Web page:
Ira Rubinstein and Nathan Good, Privacy by Design: A Counterfactual Analysis of Google and Facebook Privacy Incidents
Comment by: Danny Weitzner
Published version available here: http://papers.ssrn.com/sol3/papers.cfm?abstract_id=2128146
Workshop draft abstract:
Both U.S. and E.U. regulators have embraced privacy by design as a core element of their ongoing revision of current privacy laws. This idea of building in privacy from the outset is commonsensical, yet it remains rather vague—surely it should enhance consumer privacy but what does it mean and how does it really work? In particular, is privacy by design simply a matter of developing products with greater purpose or intention (as opposed to haphazardly) or of following specific design principles? What do regulators expect to accomplish by encouraging firms to implement privacy by design and how would this benefit consumers? This paper seeks to answer these questions by presenting case studies of high profile privacy incidents involving Google and Facebook and analyzing them against a set of notional design principles.
Based on news accounts, company statements, and detailed regulatory reports, we explore these privacy incidents to determine whether the two firms might have avoided them if they had implemented privacy by design. As a prerequisite to this counterfactual analysis, we offer the first comprehensive evaluation and critique of existing approaches to privacy by design, including those put forward by regulators in Canada, U.S. and Europe, by private sector firms, and by several non-profit privacy organizations. Despite the somewhat speculative nature of this “what if” analysis, we believe that it reveals the strengths and weaknesses of privacy by design and thereby helps inform ongoing regulatory debates.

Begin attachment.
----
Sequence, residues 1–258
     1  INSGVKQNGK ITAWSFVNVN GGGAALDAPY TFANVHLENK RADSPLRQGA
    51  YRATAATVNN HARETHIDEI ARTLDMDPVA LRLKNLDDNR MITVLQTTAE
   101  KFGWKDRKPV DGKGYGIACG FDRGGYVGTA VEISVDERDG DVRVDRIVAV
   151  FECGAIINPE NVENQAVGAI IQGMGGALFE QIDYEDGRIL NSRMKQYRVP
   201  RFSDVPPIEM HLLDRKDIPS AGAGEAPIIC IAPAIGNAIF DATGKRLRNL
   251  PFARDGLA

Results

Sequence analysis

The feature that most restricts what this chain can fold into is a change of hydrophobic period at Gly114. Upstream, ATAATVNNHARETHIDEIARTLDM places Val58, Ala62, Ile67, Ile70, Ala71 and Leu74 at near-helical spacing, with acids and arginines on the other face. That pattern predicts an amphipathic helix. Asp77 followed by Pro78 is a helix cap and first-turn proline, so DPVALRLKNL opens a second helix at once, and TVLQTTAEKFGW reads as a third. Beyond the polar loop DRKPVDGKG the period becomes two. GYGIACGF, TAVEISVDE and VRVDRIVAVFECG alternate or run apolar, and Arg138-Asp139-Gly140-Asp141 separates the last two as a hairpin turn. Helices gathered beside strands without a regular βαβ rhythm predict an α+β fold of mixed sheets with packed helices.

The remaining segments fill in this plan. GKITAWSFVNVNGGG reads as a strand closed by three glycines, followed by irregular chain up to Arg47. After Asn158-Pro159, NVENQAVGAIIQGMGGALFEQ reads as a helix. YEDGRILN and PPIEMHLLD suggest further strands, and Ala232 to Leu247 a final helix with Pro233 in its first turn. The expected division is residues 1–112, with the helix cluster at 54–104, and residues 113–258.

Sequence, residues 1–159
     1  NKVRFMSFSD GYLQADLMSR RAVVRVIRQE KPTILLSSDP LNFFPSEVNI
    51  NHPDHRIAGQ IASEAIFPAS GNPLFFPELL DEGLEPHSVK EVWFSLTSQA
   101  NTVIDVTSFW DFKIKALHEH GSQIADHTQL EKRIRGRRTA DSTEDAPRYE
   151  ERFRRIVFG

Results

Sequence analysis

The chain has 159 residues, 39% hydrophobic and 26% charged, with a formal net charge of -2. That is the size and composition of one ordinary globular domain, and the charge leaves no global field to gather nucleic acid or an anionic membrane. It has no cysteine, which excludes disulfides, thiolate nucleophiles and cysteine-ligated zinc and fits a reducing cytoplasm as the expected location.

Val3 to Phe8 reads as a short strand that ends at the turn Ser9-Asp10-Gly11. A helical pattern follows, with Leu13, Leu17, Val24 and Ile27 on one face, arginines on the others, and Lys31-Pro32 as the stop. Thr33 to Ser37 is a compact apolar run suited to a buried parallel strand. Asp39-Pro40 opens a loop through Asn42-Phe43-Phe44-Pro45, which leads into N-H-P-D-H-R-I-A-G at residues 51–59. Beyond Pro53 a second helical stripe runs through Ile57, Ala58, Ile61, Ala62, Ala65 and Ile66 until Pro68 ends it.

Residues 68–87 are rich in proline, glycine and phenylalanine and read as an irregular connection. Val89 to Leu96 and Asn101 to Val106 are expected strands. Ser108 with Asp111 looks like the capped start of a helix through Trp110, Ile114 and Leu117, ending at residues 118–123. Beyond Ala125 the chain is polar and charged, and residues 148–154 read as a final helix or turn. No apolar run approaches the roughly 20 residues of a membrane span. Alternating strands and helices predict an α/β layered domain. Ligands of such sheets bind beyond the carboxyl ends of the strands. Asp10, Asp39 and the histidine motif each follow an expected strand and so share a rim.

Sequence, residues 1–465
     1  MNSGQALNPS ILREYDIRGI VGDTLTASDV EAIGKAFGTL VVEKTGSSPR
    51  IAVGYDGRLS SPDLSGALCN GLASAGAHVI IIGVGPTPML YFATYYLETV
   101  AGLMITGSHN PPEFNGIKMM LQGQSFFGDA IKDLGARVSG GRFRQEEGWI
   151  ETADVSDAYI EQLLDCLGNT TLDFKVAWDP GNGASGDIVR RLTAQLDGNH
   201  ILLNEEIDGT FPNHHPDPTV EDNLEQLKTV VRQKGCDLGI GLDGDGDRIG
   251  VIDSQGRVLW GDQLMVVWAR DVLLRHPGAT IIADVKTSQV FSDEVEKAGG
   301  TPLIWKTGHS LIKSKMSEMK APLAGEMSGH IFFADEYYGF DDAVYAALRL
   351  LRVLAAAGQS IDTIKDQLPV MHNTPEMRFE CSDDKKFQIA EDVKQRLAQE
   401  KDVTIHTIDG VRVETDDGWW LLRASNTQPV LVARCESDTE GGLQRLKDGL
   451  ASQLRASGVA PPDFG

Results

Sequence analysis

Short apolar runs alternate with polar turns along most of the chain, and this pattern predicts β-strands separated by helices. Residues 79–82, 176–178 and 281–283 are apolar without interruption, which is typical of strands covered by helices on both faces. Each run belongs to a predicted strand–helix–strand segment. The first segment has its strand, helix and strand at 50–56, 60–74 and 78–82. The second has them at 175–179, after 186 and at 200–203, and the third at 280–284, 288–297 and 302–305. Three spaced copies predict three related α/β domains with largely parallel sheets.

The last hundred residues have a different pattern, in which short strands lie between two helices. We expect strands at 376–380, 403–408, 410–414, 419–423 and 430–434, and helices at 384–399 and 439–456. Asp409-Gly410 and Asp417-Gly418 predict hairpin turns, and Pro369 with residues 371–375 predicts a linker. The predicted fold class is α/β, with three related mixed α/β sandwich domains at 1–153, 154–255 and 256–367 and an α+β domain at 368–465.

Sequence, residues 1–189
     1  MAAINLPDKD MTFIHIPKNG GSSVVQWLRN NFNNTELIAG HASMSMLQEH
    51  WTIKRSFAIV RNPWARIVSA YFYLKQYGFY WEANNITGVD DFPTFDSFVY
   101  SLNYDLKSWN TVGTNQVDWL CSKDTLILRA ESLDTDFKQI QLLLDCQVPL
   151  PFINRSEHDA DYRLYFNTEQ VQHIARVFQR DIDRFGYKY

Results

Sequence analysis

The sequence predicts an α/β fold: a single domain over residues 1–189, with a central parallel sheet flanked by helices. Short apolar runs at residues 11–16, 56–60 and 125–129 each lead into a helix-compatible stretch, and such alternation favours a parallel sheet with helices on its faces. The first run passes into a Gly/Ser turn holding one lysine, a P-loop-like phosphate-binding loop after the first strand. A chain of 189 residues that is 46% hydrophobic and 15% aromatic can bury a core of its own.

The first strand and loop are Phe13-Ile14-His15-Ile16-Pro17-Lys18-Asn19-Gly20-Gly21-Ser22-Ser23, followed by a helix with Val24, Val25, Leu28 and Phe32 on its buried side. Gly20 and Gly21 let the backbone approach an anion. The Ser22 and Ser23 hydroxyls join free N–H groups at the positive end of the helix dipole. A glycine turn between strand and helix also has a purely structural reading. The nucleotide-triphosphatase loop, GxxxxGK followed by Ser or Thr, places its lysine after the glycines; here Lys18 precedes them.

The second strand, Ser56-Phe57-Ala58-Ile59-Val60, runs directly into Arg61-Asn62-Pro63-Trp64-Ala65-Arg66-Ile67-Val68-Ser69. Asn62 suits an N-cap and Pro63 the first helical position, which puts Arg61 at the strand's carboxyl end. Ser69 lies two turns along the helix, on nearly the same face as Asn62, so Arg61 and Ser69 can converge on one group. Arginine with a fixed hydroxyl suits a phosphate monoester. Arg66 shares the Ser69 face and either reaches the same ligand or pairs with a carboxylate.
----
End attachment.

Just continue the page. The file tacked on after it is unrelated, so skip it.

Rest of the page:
This paper is in three parts. Part I is a case study of nine privacy incidents—three from Google (Gmail, StreetView and Buzz) and six from Facebook (News Feed, Beacon, Photo Tagging, Facebook Apps, Instant Personalization, and a number of recent changes in privacy policies and settings). Part II identifies the design principles that the counterfactual analysis relies on. It proceeds in four steps: first, we argue that existing approaches to privacy by design are best understood as a hybrid with up to three components—Fair Information Practices (FIPs), accountability, and engineering (including design). Ironically, we find that design is the most neglected element of privacy by design. We also show that existing regulatory approaches pay insufficient attention to the business factors firms consider in making design decisions. Second, we point out the shortcomings of FIPs, especially the stripped down versions that focus mainly on notice-and-choice. Third, we suggest that because all of the existing approaches to privacy by design incorporate FIPs and the definition of privacy on which it depends—namely, privacy as a form of individual control over personal information—they are ill-suited to addressing the privacy concerns associated with the voluntary disclosure of personal data in Web 2.0 services generally and especially in social networking services such as Facebook. Finally, we take a closer look at privacy engineering and especially at interface design. We find the latter is inspired not by theories of privacy as control but rather by an understanding of privacy in terms of social interaction as developed in the 1970s by Irwin Altman, a social psychologist, and more recently by Helen Nissenbaum, a philosopher of technology. Part III applies the design principles identified in Part II to the nine case studies, showing what went wrong with Google and Facebook and what they might have done differently. Specifically, we try to identify how better design practices might have assisted both firms in avoiding privacy violations and consumer harms and discuss the regulatory implications of our findings. We also offer some preliminary thoughts on how design practitioners should think about privacy by design in their everyday work.